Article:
The National Security Agency (NSA) has released guidelines and an evaluation methodology, to improve operational technologies (OT) and control systems cybersecurity. The advisory, described as a “significant shift,” includes understanding how the OT systems are viewed, evaluated, and secured within the U.S., in order to prevent malicious cyber actors (MCA) from executing successful, and potentially damaging, cyber effects.
Titled, “Stop Malicious Cyber Activity Against Connected Operational Technology” developed for the National Security System (NSS), Department of Defense (DoD), and Defense Industrial Base (DIB) OT owners and operators, the advisory provides details on how to evaluate risks to systems and improve the security of connections between OT and enterprise networks. IT exploitation can serve as a pivot point for OT exploitation, so carefully evaluating the risk of connectivity between IT and OT systems is necessary to ensure unique cybersecurity requirements are met.
Reacting to recent adversarial exploitation of IT management software and its supply chain in publicly documented impacts across government agencies and the DIB, the change in approach applies to the often stagnant OT assets and control systems installed and used across the U.S. Government (USG) and the DIB, according to the advisory. Several of these assets are past end-of-life and operated without sufficient resources, enabling malicious cyber activities to target OT environments and threaten these networks.
The guidance offers a pragmatic evaluation methodology that evaluates how to best improve OT and control system cybersecurity for mission success, and include understanding necessary resources for secure systems, the NSA advisory said. Without direct action to harden OT networks and control systems cybersecurity against vulnerabilities introduced through IT and business network intrusions, the OT system owners and operators will remain at indefensible levels of risk.
NSA encourages NSS, DoD, and DIB system owners, operators, and administrators to evaluate the value against risk and costs of enterprise IT to OT connectivity. While the safest OT system is one that is not connected to an IT network, mission critical connectivity may be required at times to review the connections and disconnect those that are not truly needed to reduce the risk to OT systems and functions, it said.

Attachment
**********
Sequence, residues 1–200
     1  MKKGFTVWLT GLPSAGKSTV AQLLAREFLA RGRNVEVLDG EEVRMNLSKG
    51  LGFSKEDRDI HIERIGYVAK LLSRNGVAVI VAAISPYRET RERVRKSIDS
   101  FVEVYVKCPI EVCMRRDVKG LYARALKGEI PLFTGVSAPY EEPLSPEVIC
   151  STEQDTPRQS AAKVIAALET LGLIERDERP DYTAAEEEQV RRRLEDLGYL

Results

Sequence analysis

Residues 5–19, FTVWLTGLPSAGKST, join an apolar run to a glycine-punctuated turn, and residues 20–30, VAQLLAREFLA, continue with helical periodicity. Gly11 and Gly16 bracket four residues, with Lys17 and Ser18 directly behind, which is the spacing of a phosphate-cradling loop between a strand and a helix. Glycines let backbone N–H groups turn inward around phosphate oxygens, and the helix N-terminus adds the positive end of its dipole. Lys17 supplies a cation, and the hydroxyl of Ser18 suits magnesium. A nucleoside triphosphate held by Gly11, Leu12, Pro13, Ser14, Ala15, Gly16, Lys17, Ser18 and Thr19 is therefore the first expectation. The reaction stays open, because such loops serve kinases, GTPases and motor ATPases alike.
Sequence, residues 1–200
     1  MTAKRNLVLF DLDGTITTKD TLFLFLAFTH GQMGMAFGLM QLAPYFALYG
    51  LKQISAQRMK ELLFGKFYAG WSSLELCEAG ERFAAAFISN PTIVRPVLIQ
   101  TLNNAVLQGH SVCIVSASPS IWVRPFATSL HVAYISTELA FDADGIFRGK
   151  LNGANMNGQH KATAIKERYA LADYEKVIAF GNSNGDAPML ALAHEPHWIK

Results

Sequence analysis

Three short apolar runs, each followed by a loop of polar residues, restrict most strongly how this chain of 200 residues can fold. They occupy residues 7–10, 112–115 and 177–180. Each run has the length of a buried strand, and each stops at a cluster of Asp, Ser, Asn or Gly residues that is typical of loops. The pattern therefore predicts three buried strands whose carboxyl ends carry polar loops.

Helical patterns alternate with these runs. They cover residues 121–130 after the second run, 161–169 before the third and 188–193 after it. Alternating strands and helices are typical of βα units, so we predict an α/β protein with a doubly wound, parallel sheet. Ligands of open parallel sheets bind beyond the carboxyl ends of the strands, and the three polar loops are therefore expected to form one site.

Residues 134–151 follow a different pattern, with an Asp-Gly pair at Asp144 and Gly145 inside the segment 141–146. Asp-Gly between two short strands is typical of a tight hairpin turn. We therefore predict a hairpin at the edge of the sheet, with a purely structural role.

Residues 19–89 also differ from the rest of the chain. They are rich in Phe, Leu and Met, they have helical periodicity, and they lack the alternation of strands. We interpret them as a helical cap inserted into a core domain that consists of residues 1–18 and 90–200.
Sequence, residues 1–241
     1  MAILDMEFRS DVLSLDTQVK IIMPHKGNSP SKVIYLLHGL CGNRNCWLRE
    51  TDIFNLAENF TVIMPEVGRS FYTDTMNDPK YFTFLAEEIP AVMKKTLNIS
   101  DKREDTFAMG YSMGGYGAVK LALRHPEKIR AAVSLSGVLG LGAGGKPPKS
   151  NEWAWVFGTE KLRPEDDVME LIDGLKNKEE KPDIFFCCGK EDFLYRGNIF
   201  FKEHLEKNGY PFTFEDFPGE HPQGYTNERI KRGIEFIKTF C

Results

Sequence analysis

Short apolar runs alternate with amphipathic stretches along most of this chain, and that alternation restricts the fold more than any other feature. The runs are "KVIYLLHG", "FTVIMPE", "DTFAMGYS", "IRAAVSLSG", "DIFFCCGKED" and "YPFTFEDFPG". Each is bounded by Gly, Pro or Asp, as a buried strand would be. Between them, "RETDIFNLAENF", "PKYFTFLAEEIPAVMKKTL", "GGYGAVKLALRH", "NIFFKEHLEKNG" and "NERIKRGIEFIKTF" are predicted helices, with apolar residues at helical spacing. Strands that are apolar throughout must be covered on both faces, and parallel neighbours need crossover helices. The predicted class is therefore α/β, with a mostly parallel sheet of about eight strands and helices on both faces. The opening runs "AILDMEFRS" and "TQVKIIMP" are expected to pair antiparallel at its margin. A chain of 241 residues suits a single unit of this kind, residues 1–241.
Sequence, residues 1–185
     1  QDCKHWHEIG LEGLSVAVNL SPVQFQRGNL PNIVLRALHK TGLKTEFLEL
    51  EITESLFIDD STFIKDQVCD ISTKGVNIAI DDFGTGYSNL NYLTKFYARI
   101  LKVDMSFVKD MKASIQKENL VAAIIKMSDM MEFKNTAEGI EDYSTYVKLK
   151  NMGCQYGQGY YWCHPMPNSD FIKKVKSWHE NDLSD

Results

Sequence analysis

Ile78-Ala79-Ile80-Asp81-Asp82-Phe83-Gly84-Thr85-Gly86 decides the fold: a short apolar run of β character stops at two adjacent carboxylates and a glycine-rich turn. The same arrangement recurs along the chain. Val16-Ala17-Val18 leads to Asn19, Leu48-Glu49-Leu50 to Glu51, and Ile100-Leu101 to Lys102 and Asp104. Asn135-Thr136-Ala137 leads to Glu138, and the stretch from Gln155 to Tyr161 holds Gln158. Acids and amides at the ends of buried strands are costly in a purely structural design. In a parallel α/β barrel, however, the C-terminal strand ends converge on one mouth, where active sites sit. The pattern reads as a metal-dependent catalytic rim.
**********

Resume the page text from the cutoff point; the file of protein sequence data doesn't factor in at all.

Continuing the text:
The NSA also recommends taking steps to improve cybersecurity for OT networks when IT-OT connectivity is mission-critical, as appropriate to their unique needs, the NSA advisory said. For IT-OT connections deemed necessary, steps should be taken to mitigate risks of IT-OT exploitation pathways. These mitigations include fully managing all IT-OT connections, limiting access, actively monitoring and logging all access attempts, and cryptographically protecting remote access vectors.
Every IT-OT connection creates an additional vector for potential OT exploitation that could impact and compromise the mission and/or production, the advisory highlighted. Performing a comprehensive risk analysis for all IT-OT interconnections and only allowing mission critical interconnections when they are properly protected will create an improved cybersecurity posture.
While there are very real needs for connectivity and automating processes, OT and control systems cybersecurity environments are inherently at risk when connected to enterprise IT systems. Seriously consider the risk, benefits, and cost before connecting (or continuing to connect) enterprise IT and OT networks. By employing an appropriate risk analysis strategy, leadership and system owners and operators can make informed decisions to better manage OT networks, while reducing the threats from and impact of exploitation and destructive cyber effects.
Users must carefully prioritize and evaluate the risks before allowing enterprise IT-to-OT connections. While OT systems rarely require outside connectivity to properly function, they are frequently connected for convenience without proper consideration of the true risk and potential adverse business and mission consequences. Taking action now can help improve cybersecurity and ensure mission readiness, the advisory concluded.
This week, U.S. intelligence agencies said that Russian SVR cyber hackers used a range of initial exploitation techniques varying in sophistication, coupled with ‘stealthy intrusion tradecraft within compromised networks.’ The Russian Foreign Intelligence Service (SVR) cyber hackers have primarily targeted government networks, think tanks and policy analysis organizations, and information technology companies.
The advisory complements an earlier one issued by the agencies alleging ongoing Russian SVR exploitation of five publicly known vulnerabilities, which was released alongside the government’s formal attribution of the SolarWinds supply chain compromise and related cyber-espionage campaign.